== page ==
Preference Shocks and Contemporaneous Cash Flow Risk
59 Pages Posted: 27 Apr 2020 Last revised: 30 Mar 2021
Date Written: November 19, 2020
What makes some assets `safer' than other? Assets with a low covariance between cash flow and aggregate consumption shocks (i.e. cash flow risk) serve as natural hedges against negative shocks to the economy, which makes them relatively `safer' in bad times. I propose an asset-pricing model with preference shocks and contemporaneous cash flow risk that can explain key asset-pricing patterns related to business cycle. In the model, contemporaneous cash flow risk of equities drives the cross section of risk premia in bad times, i.e. during periods with a high recession probability, relatively more than in good times due to the `preference shock effect'. This model makes new predictions about the conditional relevance of cash flow risk for asset prices, the slope of equity term structure and consumption shock elasticities that are confirmed in data. Unlike in existing models with external habits or long-run risks, I show that with preference shocks correlated with business-cycle shocks, reasonable quantities of contemporaneous cash flow risk have a significant effect on conditional risk premia of assets and return volatility.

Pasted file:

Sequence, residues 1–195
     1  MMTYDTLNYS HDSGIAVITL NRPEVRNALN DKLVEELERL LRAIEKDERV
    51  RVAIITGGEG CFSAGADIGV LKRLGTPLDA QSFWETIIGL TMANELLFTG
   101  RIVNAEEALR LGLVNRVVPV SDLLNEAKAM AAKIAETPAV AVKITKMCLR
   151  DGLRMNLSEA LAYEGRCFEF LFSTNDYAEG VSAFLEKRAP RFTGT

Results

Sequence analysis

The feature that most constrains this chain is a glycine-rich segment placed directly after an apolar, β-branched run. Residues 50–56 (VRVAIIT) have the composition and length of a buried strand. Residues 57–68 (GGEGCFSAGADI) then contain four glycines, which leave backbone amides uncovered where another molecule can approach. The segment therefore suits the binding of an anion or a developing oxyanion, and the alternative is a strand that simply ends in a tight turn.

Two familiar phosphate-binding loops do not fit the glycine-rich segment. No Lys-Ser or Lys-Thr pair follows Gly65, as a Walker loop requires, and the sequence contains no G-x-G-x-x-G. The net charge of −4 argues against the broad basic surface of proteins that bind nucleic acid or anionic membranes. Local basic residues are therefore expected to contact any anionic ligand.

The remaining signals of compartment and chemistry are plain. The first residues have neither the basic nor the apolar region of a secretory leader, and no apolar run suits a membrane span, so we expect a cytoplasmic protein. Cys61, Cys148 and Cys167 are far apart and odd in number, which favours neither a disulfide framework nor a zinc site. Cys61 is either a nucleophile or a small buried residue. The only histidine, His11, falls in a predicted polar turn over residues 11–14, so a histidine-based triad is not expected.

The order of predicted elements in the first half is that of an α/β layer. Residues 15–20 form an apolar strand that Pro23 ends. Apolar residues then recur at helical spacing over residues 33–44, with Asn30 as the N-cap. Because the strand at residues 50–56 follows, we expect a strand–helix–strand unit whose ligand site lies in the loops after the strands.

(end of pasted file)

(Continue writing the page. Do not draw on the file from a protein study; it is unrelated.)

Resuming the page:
Keywords: contemporaneous cash flow risk, safe asset characteristics, hedging consumption shocks, preference shocks, recession indicator
JEL Classification: G12
Suggested Citation: Suggested Citation